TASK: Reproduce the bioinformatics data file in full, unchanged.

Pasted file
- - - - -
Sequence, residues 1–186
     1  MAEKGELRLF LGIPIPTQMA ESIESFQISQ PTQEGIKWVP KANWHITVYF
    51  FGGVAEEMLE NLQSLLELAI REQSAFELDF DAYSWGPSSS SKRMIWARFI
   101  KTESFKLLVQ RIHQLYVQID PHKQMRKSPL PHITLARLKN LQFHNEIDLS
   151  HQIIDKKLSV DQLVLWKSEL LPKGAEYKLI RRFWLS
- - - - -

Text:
Sequence, residues 1–186
     1  MAEKGELRLF LGIPIPTQMA ESIESFQISQ PTQEGIKWVP KANWHITVYF
    51  FGGVAEEMLE NLQSLLELAI REQSAFELDF DAYSWGPSSS SKRMIWARFI
   101  KTESFKLLVQ RIHQLYVQID PHKQMRKSPL PHITLARLKN LQFHNEIDLS
   151  HQIIDKKLSV DQLVLWKSEL LPKGAEYKLI RRFWLS